10) Commit to engage. Commit in 2014 to actively and in a timely fashion answer questions, respond to comments and acknowledge online community members who share your posts and tweets.

Have a reasonable and manageable response policy in place to keep everyone on the same page and held accountable. Keep in mind that most active social media users expect a response within an hour or less.

And a special bonus resolution:

11) Create a culture of improvement. How will you know that you are successful without measurement and analysis? While the words “big data” may seem scary to you, in 2014, your investors and staff are certainly going to be savvier, wondering about the impact all this work on social media channels is having.

If you can explain to higher-ups that you are moving the needle, even a little bit, this will help your social media efforts gain credibility.

Measurement is also vital to examine your efforts and find out what is working so you can do more of it (and what’s not working so you can improve it or cut it out).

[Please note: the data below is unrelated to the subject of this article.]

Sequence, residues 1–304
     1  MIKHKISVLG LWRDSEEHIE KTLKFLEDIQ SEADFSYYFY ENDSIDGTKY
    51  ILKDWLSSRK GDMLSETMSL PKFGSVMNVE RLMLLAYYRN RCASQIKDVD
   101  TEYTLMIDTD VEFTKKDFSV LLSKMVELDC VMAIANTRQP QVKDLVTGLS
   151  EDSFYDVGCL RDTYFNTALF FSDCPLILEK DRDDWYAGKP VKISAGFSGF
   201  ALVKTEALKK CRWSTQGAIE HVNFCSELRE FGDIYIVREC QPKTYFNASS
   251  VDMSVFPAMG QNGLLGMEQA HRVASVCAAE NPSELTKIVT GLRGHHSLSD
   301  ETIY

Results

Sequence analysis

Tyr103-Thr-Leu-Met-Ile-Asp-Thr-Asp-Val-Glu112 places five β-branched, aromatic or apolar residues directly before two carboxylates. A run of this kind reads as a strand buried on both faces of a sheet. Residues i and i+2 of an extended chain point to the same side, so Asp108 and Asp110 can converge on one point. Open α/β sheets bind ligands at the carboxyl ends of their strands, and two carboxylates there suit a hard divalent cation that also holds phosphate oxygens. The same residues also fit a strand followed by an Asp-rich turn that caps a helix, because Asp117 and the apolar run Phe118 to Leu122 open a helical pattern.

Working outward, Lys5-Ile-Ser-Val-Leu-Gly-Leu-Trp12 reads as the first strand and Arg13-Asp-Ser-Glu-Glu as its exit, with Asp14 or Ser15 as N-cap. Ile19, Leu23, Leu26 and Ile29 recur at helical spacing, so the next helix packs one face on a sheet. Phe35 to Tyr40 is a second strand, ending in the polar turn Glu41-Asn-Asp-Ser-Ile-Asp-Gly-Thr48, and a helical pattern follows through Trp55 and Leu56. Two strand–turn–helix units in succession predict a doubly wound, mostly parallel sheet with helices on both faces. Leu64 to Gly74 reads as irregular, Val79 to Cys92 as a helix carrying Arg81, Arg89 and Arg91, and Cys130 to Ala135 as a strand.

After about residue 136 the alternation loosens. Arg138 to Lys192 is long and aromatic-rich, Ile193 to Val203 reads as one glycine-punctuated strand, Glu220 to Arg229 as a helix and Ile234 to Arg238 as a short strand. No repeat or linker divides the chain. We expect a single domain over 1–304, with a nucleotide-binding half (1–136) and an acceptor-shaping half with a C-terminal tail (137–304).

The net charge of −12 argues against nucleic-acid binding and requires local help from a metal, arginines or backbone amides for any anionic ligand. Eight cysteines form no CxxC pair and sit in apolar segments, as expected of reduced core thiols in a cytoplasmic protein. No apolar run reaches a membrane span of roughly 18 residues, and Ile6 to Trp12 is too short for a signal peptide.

Make sure to budget and include time for measurement, analysis and reporting in your calendar also.

OMI’s Social Media Certificate program is built to specifically address the needs for the business professional and marketer. Upon completion, you will be well versed in social media, understand the baseline principles that drive success on any platform, and have the skills to impact ROI. Enroll now and learn to develop a strong underlying strategy to focus your time, efforts, and budget—so social media doesn’t turn into a chaotic free-for-all.